Read an excerpt from Joy Behar's book: When You Need A Lift

Excerpted from Joy's new book When You Need a Lift: But Don't Want to Eat Chocolate, Pay a Shrink, or Drink a Bottle of Gin:

Just reading the front page of the newspaper these days is enough to put even the relentlessly


cheerful von Trapp family into a serious state of melancholy. Maybe the world has always been riddled with disasters and misery, but that doesn't mean that I can't enjoy a double mocha latte with whipped cream. Too fattening, you say. I agree.

It's getting more and more difficult to eat my way out of my mood swings. When I was a child, my mother would get into a funk over things that I didn't understand, but I noticed that she
could always snap herself out of it by putting on an aria from Madama Butterfly. The next thing I knew, she'd be singing along and having a wonderful time, even though she was crying for poor Butterfly. It was her way of cheering herself up. I realized then that it was up to me to monitor my ups and downs, and her opera collection.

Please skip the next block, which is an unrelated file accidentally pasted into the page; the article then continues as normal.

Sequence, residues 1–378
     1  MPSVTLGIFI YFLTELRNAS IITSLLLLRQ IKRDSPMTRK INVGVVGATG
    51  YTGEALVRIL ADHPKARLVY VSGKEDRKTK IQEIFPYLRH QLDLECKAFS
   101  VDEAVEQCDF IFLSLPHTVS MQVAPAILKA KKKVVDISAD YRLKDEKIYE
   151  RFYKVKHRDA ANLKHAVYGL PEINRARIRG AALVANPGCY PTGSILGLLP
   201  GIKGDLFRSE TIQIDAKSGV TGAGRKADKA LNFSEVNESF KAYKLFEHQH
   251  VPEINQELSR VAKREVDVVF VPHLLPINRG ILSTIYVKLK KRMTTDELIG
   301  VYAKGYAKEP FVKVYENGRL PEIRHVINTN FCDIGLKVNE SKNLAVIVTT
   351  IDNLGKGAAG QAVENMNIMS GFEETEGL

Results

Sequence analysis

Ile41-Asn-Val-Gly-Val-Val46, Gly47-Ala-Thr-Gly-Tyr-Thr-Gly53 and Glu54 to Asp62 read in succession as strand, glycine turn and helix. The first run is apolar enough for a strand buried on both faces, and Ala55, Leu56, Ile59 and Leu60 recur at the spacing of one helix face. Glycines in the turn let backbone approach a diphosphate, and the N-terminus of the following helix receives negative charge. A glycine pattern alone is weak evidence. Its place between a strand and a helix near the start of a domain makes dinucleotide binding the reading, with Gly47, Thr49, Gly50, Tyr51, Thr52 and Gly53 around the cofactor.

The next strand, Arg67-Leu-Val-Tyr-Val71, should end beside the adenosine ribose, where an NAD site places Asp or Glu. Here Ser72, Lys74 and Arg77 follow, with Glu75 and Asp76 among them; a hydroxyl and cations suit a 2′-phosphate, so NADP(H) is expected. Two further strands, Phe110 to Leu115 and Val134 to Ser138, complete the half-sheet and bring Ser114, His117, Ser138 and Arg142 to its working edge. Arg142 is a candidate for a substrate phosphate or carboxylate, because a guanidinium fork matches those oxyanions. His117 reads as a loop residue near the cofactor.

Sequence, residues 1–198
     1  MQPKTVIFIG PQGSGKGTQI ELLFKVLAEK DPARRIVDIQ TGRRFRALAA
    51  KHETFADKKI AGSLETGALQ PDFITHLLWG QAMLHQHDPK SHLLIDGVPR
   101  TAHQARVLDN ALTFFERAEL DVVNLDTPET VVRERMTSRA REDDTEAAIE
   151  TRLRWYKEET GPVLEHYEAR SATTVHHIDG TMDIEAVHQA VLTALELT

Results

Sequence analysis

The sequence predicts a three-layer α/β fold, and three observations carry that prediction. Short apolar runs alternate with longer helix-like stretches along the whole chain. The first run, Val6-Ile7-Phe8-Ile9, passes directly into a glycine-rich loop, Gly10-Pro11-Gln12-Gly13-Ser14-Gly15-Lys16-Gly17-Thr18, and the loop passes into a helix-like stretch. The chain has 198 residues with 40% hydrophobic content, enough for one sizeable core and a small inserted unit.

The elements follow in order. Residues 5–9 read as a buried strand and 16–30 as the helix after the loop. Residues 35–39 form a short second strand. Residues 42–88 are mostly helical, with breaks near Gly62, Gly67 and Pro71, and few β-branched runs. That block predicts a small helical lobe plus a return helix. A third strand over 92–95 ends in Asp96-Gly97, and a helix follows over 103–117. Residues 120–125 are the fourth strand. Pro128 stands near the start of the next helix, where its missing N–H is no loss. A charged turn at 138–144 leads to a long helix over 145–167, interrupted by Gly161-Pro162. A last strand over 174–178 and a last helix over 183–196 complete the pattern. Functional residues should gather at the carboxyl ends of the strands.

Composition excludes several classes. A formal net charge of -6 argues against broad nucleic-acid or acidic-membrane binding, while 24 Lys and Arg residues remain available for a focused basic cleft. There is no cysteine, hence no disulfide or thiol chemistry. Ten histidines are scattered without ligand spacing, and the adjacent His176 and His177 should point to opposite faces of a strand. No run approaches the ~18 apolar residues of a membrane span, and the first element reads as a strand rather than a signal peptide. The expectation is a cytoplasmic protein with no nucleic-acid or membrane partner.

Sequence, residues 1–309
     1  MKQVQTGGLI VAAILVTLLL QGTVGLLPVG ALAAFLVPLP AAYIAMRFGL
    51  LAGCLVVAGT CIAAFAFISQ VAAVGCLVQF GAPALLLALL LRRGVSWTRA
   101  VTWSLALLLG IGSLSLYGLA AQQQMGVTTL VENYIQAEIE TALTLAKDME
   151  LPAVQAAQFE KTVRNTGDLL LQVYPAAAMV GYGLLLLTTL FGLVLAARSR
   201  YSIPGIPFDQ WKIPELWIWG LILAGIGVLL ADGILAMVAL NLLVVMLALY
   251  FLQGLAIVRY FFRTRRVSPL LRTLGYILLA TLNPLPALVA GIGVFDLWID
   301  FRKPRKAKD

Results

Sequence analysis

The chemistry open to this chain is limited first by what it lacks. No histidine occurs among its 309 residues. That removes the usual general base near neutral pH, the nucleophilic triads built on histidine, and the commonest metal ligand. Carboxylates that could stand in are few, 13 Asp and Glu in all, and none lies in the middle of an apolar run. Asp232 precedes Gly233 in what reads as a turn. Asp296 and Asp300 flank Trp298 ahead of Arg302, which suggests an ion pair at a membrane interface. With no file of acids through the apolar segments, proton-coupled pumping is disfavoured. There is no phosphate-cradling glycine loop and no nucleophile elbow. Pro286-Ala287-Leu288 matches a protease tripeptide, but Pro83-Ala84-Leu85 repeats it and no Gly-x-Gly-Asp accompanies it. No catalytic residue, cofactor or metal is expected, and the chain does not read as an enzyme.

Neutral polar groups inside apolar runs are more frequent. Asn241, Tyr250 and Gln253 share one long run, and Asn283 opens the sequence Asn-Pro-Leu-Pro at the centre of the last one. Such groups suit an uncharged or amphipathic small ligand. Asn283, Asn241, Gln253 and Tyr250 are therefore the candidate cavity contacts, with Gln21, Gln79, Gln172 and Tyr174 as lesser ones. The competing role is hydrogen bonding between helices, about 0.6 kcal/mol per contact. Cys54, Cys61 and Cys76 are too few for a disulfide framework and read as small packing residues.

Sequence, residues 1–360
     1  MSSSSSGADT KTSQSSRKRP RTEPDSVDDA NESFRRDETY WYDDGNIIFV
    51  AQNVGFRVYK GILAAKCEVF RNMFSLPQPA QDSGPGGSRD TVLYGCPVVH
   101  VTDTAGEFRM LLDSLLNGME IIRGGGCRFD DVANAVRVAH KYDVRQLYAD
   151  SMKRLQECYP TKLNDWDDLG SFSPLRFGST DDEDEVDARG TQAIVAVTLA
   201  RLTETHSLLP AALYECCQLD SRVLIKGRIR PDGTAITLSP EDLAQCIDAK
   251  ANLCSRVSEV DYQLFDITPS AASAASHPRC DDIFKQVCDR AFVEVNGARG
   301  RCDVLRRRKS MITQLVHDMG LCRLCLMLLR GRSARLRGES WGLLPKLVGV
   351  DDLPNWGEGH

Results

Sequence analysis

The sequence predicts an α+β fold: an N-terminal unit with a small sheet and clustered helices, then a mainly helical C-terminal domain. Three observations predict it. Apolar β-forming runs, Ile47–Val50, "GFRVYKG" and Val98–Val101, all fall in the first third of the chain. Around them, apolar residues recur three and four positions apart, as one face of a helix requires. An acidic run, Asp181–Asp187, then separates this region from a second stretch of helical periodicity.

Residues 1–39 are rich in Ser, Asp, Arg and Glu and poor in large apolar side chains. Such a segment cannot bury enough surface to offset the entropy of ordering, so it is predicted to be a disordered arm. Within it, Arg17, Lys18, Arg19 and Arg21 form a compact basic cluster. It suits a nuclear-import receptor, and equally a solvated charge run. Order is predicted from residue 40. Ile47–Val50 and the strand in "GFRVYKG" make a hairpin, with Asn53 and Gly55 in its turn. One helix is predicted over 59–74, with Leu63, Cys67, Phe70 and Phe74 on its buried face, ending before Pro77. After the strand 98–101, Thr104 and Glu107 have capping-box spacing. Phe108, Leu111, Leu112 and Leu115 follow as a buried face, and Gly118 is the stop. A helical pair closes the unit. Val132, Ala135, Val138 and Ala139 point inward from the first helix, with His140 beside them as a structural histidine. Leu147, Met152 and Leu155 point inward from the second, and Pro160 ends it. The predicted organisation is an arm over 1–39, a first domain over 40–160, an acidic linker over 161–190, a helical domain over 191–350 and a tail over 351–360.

These days, when the doldrums hit, I head for a department store. I find that loitering near the handbags has a calming effect on me. The smell of a Gucci bag is like a trip to Siena in June.

My second-favorite mood elevator is a manicure and pedicure, with a neck massage thrown in. Lately, I've discovered that the little nail salons that are popping up all over the city where I live offer a reflexology treatment between pedicures. I think I'll just move into one these shops.

If all else fails, I get on the phone with my girlfriends and start marathon blabbing. After two or three hours of nonstop analysis of our issues, I feel completely liberated from any threat of the blues.

In the spirit of group participation, I've asked a hundred and one of my friends, associates, and role models what they do when they're feeling down. I'm happy to say that their responses have been as varied and helpful as they have been interesting and original.

This is not a "how-to" book. I don't like how-to books. Just because Dr. So-and-So does it one way does not mean that I'm going to want to do it that way. I like to get a variety of answers on the big questions in life. Sigmund Freud was smart and probably right about a lot of things, but "penis envy"? I don't think so.

So, when you're in the doldrums and a hot fudge sundae isn't doing it for you, check out this book. Not everyone's ideas will appeal to you. If repeating a mantra makes you anxious, don't meditate. Personally, I find fishing tedious, but if that's your hook, go for it. And by all means, stay away from anything that Sylvia Plath wrote.
To buy the book online, click here